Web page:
- Ph.D., Islamic Studies (Georgetown University);
M.A., Arab Studies (Georgetown University Graduate School of Foreign Service);
B.A., Comparative and International Studies & Asian and African Languages and Literatures (Duke University)
- Languages Spoken
- Arabic (Classical/Modern Standard), Arabic (Colloquial Egyptian), French, Persian, Turkish
Judd King currently teaches in the Department of Philosophy and Religion and is affiliated with the Arab World Studies Program. His primary research interests are modern Islamic political movements, global populism, contemporary Turkey, and moral psychology, although he is also trained in Islamic intellectual history.
Through years of research in Turkey, he has developed an extensive network of contacts including intellectuals, journalists, civil servants, and politicians from across the political spectrum. His dissertation, based on detailed ethnographic interviews he conducted with core “Islamist” voters supporting Turkey's ruling AK Party, explores how ideological beliefs which are not rationally consistent with each other can coexist within the same person – in turn demonstrating why the beliefs of political actors are not a sufficient basis to predict their behavior.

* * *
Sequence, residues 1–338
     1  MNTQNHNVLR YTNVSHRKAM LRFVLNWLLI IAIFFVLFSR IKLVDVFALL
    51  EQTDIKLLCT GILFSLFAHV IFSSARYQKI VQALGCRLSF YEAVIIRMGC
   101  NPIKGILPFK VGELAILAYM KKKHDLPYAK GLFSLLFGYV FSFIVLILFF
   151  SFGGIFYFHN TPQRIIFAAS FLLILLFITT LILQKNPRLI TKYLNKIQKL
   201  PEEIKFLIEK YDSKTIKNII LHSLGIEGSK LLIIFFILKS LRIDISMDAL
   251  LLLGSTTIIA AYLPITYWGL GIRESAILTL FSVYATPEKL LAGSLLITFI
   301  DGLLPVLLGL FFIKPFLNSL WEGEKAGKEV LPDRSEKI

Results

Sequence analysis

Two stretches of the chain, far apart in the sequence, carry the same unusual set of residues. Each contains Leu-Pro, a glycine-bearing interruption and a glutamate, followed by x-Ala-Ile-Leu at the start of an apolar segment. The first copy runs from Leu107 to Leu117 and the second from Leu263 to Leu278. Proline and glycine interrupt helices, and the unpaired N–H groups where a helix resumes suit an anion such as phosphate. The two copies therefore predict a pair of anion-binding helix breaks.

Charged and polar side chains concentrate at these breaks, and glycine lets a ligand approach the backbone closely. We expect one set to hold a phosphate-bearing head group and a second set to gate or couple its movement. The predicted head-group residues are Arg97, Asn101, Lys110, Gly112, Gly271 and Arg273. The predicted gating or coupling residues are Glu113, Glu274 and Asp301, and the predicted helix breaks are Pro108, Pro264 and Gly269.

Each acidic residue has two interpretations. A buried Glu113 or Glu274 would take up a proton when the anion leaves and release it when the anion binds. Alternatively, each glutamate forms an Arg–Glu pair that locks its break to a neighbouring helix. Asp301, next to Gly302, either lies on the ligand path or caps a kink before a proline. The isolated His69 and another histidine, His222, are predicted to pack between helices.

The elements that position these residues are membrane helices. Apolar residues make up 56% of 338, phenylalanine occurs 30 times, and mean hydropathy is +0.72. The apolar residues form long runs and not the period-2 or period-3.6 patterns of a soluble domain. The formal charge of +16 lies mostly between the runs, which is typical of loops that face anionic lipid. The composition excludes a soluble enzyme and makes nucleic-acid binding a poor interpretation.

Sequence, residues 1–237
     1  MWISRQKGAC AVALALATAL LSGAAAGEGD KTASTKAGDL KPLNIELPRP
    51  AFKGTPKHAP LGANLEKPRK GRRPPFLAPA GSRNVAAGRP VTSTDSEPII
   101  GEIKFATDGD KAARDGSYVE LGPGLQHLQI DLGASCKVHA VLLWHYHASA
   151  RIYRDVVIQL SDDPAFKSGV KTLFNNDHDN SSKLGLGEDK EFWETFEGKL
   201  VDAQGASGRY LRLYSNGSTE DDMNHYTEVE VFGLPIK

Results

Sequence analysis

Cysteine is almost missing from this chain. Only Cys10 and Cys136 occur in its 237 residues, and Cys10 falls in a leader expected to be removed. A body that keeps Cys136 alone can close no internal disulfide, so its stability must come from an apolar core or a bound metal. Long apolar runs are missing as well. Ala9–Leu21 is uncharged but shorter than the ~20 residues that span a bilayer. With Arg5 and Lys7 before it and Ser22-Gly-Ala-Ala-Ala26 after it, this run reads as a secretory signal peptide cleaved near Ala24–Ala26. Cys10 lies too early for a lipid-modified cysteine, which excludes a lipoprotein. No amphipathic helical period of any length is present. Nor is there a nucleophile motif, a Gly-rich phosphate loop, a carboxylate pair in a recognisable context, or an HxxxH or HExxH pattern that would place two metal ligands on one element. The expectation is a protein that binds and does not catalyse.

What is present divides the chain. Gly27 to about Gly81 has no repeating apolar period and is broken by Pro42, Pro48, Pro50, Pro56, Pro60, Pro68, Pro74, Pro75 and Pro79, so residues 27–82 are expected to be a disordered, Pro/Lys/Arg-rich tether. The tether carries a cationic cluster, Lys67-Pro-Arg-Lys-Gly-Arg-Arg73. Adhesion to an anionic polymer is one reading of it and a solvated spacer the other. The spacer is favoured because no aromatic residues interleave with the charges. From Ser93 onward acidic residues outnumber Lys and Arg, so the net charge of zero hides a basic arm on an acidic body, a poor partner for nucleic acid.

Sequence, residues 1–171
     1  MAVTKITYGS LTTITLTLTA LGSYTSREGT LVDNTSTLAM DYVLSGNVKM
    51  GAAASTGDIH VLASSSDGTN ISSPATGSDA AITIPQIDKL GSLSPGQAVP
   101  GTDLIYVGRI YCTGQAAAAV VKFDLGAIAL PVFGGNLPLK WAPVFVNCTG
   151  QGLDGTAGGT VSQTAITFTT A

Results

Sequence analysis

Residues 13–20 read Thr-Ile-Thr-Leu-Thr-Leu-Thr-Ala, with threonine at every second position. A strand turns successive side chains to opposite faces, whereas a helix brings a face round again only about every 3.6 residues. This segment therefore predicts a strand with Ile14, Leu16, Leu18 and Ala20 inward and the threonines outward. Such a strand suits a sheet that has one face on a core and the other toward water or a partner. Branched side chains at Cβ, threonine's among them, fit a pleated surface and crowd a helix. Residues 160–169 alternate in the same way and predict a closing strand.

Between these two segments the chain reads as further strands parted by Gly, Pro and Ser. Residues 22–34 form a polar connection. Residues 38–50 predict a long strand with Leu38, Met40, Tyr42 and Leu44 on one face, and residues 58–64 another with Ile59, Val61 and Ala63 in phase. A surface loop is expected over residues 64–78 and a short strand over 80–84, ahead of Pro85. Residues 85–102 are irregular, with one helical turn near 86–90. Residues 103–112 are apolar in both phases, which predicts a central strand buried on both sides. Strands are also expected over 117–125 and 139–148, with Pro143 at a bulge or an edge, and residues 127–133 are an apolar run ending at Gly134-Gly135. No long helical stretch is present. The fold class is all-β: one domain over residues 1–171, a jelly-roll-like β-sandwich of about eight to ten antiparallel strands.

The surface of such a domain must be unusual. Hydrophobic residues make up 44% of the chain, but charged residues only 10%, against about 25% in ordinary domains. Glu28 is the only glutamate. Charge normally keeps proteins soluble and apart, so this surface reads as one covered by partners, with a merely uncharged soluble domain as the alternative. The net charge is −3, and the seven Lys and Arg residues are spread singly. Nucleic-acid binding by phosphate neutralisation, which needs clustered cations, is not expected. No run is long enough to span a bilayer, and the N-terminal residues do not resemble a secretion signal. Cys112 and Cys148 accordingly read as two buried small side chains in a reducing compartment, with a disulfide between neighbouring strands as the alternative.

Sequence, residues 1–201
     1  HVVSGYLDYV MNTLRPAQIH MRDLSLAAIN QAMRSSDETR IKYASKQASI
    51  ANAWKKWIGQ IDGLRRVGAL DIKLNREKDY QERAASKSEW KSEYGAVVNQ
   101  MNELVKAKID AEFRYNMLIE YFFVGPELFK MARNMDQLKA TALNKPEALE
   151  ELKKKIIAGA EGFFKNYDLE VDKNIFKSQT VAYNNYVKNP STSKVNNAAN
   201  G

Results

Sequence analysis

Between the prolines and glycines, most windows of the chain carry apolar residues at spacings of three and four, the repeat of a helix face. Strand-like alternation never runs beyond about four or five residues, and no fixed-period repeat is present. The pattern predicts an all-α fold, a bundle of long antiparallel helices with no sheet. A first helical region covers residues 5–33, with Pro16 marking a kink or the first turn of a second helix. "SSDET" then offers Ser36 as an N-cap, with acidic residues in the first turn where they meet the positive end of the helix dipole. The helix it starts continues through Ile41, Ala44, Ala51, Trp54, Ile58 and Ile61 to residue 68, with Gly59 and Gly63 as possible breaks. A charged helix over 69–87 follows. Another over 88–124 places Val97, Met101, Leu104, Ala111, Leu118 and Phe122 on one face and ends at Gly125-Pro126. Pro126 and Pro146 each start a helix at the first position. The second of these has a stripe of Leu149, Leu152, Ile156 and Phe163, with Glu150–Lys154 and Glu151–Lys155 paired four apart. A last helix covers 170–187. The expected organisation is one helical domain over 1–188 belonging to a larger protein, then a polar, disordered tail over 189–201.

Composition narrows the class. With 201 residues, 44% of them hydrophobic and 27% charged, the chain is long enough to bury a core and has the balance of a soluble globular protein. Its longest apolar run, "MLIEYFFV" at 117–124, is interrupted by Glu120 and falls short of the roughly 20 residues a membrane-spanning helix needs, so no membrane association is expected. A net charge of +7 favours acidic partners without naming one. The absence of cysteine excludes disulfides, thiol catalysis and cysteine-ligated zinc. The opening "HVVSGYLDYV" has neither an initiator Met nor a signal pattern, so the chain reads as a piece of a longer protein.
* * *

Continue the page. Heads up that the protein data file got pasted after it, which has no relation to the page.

Subsequent projects have included research on the way some Muslims espouse conspiracy theories imputing a non-Muslim origin to ISIS/Da'esh, as well as an interview-based study on the motives behind populist anti-Islamic activism on American college campuses. His current research, (starting May, 2023) is a longitudinal study of the changing cultural, political, and religious attitudes of conservative Turkish voters interviewed once in 2010 and then again in 2023.
Proficient in several regional languages, Judd has experience working, living, and conducting research in the Middle East extending back to 2001. In addition to academic publications and presentations at conferences ranging in theme from Islam, to Middle East studies, to psychology of religion, he has also contributed substantive political analysis to media outlets such as CNN.